In 2006, to address growing ecological awareness and the need to implement Catholic social teaching on ecology within the US Church, the United States Conference of Catholic Bishops (USCCB) helped form Catholic Climate Covenant. Inspired by the USCCB's 2001 statement on climate change, and supported by 18 national partners (which include the USCCB, Catholic Relief Services, Catholic Charities USA, the Catholic Health Association, congregations of religious men and women, and other national organizations), Catholic Climate Covenant helps US Catholics respond to the Church's call to care for creation and care for the poor.
Catholic Climate Covenant is grounded in the Church's deep history of teaching on creation, ecology, and the poor. Caring for creation and caring for the poor have been a part of the Catholic story since the beginning, but in recent years St. John Paul II, Pope Emeritus Benedict XVI, and especially Pope Francis have added a sense of urgency to their call for Catholics to act on climate change. The US Bishops themselves having been calling for action since 1981.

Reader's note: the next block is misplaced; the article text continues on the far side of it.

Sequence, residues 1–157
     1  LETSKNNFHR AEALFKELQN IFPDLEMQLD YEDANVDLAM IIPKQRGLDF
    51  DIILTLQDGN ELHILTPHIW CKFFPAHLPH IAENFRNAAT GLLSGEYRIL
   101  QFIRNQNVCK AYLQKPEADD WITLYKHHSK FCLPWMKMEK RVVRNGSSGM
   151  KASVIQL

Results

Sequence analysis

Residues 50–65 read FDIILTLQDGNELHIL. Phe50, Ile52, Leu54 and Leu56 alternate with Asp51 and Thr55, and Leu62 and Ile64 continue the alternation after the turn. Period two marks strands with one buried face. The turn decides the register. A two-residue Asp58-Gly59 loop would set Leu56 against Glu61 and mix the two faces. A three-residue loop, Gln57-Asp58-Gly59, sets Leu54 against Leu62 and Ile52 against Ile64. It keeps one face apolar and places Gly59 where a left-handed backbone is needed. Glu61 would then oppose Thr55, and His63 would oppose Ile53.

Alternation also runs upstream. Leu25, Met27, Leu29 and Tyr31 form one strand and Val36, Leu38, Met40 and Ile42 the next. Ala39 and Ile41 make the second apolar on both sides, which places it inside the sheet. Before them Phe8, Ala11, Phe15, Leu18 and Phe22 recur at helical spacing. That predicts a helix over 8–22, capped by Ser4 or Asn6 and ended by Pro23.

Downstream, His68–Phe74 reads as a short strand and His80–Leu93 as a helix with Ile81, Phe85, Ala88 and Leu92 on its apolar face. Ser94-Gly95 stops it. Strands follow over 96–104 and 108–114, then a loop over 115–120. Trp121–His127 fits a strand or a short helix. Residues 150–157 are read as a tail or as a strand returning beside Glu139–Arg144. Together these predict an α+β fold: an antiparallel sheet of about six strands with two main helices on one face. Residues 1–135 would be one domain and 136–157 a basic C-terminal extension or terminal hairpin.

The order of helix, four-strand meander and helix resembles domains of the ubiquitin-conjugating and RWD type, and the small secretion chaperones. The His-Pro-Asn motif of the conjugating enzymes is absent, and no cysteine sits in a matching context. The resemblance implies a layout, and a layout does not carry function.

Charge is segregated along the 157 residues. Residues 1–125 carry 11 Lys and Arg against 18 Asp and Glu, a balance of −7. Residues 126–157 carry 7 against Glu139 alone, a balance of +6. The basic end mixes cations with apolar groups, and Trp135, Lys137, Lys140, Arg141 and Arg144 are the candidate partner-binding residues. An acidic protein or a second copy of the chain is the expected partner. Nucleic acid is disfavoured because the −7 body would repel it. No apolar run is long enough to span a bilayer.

Catholics do care about climate change and they're working hard to create solutions. Catholic Climate Covenant is at the center of these efforts. With the approval and support of the United States bishops, they help guide the US Church's response to the moral call for action on climate change by sharing authentic Catholic teaching on creation and the poor and by informing and inspiring community leaders to take action (education); by sharing stories of those most affected by climate impacts in the public square (public witness); and by providing concrete tools, techniques, and technical assistance to help Catholic peoples and institutions reduce their carbon footprint and to work for justice (resources).